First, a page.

NOTE FROM THE AUTHOR: When I was hired to work in the White Plains, New York, schools, one of my new colleagues was John Ferone, a long-time 8th grade English teacher.  John was such a unique person—earthy, erudite, gregarious, very private—and, as I soon discovered,  a memorable English teacher for several generations of White Plains students. Towards the end of my tenure in White Plains, John became ill and passed away.  He was much too young and still had so much teaching left to do, and so many students to affect, in that inimitable Ferone-way. I try to capture a little of John’s specialness in this poem.  It’s also a tribute to his colleagues in White Plains, and teachers everywhere, who truly are prime movers.

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ABOUT THE AUTHOR: Though writing poems can be quite lucrative, Alan Walowitz earned the bulk of his fortune as a teacher of secondary English for 34 years, mostly in New York City public schools.  From 1992-2004, he served as the Coordinator of English Language Arts in White Plains, New York, public schools,  He’s also taught at Pace University, St. John’s University, and Manhattanville College. His poems can be found lots of places on the web and off.  He’s a Contributing Editor at Verse-Virtual, an Online Community Journal of Poetry, and his poems were nominated for a Pushcart Prize in 2017 and 2018.  His full-length book of poems from Truth Serum Press, The Story of the Milkman and Other Poems, is available on Lulu.com, and other famous online booksellers.  His forthcoming chapbook, In the Muddle of the Night, co-written with poet Betsy Mars, will be published by Arroyo Seco Press some time soon.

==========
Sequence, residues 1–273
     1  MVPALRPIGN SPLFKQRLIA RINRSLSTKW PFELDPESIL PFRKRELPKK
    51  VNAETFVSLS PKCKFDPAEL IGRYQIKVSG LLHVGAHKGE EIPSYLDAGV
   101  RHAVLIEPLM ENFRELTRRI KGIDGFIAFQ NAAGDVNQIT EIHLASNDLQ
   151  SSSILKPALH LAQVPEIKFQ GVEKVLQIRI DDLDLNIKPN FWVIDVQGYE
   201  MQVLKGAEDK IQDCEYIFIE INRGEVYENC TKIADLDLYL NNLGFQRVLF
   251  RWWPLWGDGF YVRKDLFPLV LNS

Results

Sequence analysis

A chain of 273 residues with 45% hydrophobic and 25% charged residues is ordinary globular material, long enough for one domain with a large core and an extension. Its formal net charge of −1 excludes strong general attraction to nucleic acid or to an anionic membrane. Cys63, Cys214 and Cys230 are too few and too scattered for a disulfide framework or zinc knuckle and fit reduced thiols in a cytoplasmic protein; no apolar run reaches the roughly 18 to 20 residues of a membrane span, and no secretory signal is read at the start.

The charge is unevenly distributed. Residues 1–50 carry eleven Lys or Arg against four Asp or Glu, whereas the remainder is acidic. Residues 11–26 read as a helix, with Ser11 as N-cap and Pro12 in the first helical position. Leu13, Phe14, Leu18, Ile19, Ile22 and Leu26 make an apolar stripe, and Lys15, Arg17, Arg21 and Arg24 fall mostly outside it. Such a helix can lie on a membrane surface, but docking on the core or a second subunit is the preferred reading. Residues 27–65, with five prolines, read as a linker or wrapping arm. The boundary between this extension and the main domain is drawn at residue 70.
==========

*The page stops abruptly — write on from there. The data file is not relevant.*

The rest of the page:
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To the classroom pencil amid Covid-19
by Paul Ruth

Somewhere there is a classroom with